An HDZ candidate for the Bosnian national parliament and two for the Muslim-Croat Federation legislature were removed by the OSCE, which charged them for violating campaign financing rules by “deliberately and systematically” obstructing an OSCE audit. The seats will remain vacant.

Founded by Croatia's late President Franjo Tudjman, the Western powers had hoped that Tudjman's death and his government's replacement in January by a more pro-Western regime would curb the HDZ by removing its financial and political support.

The new Croatian President, Stipe Mesic, has called the referendum a failure and urged Bosnian Croats to co-operate with their fellow Bosnians. But this appears to have had little effect.

The Western powers were clearly dismayed. The UN's Jean-Marie Guehenno told the Security Council in New York that, “It had been hoped that this third set of general elections since Dayton would produce responsible local political authorities who would work constructively to consolidate a sovereign and multiethnic Bosnia-Herzegovina. Regrettably, this has not yet been fully achieved.”

Last week, political leaders from Bosnia gathered at Dayton Ohio, for a conference to mark the fifth anniversary of the accord, where US ambassador to the United Nations Richard Holbrooke called for the Dayton accord to be improved. Holbrooke said Bosnia should have a united army instead of the current forces divided between the country's three ethnic groups, or NATO would never be able to reduce its own forces without risking renewed conflict.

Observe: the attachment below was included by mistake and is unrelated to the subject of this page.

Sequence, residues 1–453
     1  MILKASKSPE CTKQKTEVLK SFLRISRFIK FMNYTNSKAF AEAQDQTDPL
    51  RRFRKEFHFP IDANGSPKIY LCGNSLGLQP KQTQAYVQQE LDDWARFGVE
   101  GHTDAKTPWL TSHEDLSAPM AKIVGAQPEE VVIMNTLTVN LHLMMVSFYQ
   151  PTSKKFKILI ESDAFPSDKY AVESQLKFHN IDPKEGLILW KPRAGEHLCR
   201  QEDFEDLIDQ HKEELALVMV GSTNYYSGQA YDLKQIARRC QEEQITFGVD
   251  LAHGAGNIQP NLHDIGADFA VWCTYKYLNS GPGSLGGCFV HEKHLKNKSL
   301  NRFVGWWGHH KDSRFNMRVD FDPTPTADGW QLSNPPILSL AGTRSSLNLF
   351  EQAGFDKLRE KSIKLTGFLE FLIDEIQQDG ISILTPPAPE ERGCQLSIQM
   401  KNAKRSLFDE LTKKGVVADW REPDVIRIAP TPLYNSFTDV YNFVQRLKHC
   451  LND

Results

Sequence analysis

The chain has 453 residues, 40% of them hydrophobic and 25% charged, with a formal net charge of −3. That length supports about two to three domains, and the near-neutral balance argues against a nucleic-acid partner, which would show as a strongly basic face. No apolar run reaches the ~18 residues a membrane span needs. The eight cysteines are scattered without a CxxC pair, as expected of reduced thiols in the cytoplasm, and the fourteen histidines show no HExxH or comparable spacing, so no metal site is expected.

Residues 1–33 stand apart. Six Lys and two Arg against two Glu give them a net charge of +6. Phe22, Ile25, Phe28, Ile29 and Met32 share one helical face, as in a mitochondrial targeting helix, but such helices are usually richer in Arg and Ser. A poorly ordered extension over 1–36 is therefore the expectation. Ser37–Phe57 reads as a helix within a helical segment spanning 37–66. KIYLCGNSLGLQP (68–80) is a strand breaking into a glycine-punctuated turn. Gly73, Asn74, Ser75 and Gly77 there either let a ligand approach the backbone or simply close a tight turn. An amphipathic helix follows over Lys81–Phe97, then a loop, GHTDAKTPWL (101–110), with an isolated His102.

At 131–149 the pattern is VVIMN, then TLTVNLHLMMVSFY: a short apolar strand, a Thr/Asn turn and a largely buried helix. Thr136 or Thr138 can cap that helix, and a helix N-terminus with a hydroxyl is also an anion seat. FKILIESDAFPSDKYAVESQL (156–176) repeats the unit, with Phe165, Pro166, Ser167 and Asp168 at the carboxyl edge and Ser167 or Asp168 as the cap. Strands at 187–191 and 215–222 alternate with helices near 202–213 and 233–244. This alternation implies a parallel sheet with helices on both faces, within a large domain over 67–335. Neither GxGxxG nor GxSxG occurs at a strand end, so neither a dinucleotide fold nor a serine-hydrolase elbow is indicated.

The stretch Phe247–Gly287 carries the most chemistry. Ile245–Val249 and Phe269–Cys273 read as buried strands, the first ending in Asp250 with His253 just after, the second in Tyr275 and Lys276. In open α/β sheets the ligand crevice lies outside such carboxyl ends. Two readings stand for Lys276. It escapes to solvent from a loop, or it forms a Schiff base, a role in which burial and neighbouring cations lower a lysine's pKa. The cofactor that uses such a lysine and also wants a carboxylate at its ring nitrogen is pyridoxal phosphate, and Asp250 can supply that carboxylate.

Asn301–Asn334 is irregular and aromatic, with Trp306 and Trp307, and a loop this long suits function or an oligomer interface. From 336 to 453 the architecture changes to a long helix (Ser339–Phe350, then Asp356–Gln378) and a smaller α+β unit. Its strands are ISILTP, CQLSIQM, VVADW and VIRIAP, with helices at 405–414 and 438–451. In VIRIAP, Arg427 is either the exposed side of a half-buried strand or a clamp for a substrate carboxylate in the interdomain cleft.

Noises have been made by the US indicating it will not continue to maintain forces in Bosnia indefinitely, particularly in the event of a Bush victory in the presidential elections. US Ambassador Thomas Miller warned that Bosnia “is not an open-ended commitment”.

Also problematic for the West is the possible impact of the SDS victory on its relations with Kostunica in Serbia. His ruling Democratic Opposition of Serbia openly supported the SDS in Bosnia's Serb republic. Kostunica himself has a long record of support for Serbia's continued right to control its former Bosnian province and was once photographed carrying a rifle with Karadzic's forces.

See Also:

After communal elections in Kosovo: new conflicts on the horizon
[2 November 2000]

What does Milosevic's downfall portend?
[7 October 2000]